(Alan Brooks, one of my regular readers, penned this essay about the history of futurism. I reprint it here, slightly edited for brevity, with his permission.)
Futurism in the United States properly began during the late 1950s and then took off in the 1960s with the Gemini space program and its ten manned flights. Then came Apollo which made futurism respectable. Unfortunately, with the prospect of landing on the Moon, futurist heads become giddy. It wasn’t hubris necessarily, it was more akin to being slightly intoxicated, tipsy, with anticipation; futurists knew if there were no more major accidents after Apollo 1 men would land on the Moon and space would rapidly be colonized. They were correct on the former but mistaken concerning the latter. The public lost interest after a few lunar landings and the Apollo program was soon canceled to concentrate on Skylab.
Concurrently the ‘back to nature’ movement was in large part a reaction to pollution in modern cities. Thus a new word was coined, “smog”—the haze of gasses floating over an urban area. Water and noise pollution also played a part. Such worries were new, as previously people worried about being poor and hungry, while a haze of gasses over a city was often looked upon as a symbol of vibrant industry and economic activity. How much better to enjoy modern life to its fullest, rather than fret about urban gases; dying of cancer at age 75 was preferable to death at age 40 …
Of all the manifestations of ‘back to nature’, the most practical was and still is an interest in ‘health foods.’ Of course, at the time many practitioners simply confused the natural for the healthy and taken to its ad absurdum il-logic, toadstools in one’s backyard are healthy. But while the majority of food additives are unnecessary, it is erroneous to think preservatives, for instance, should be dispensed with altogether or that we shouldn’t add chlorine to public water supplies. The fact is that some preservatives are required to keep food from spoiling and the addition of chlorine to water supplies is necessary for disinfection purposes. The notion of ‘health food’ was a new one as previously most people lived by the truism “eat drink and be merry, for tomorrow you may be no more.” …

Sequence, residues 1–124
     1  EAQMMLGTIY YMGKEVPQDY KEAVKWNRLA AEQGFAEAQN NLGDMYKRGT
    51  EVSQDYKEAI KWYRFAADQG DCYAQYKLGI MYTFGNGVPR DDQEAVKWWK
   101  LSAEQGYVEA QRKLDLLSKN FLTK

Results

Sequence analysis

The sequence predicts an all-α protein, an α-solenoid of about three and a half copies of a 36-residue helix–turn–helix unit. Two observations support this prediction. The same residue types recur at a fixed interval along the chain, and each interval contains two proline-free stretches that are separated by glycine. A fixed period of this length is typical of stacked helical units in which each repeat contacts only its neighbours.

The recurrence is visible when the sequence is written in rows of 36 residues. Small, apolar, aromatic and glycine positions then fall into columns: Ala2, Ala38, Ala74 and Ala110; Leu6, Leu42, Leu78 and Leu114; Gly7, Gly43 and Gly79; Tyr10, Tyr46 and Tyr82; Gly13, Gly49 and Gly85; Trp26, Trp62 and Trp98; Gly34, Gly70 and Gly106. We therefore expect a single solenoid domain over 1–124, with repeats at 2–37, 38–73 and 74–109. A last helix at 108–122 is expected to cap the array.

Another manifestation of ‘back to nature’ was an emphasis on rural living. While some hardy souls did persevere in the rustic life, the majority of ‘back to nature’ enthusiasts eventually became bored with living on farms and would-be vegetarians would run to the nearest diner to purchase hamburgers when the craving for meat became unbearable.
This author remembers this 1970s Vandervogel movement, this time to the farm rather than to the countryside hike. Predictably, ‘70s rustic would-be vegetarian living did not last long. Although the idea of returning to rural simplicity was not new (more than a century before, romantics celebrated the rustic) no one has ever seriously returned to the rustic on a mass scale in modern times. Previous to the 1970s, most wanted to strike it rich, move to large homes, and eat at high-class restaurants, not live on poor farms eating tofu and alfalfa sprouts in a shack. It was ‘new’ in that in the past, rural living had been perceived as a necessity, while during the ‘back to nature’ era rural living was seen as a luxury—the luxury of escaping from polluted, hectic cities and conformist suburbs …
One common thread among today’s futurists is knowing the lure of conservatism is flawed
—we all move on in one way or another, via sickness, age, death, and so forth. Eventually, conservative values are altered beyond all recognition. You Can’t Go Home Again, as in the title of Thomas Wolfe’s book—there is no return to the status quo.
Even the meaning of beautiful art, often considered an exemplar of permanence, changes. For instance, when Michelangelo and Botticelli painted scenes in the Sistine Chapel, those images had a more powerful hold on human imagination than they do in today’s secular world. “Without having seen the Sistine Chapel one can form no appreciable idea of what one man is capable of achieving”, wrote Goethe.
Well, perhaps… but let’s not take Goethe’s word for it.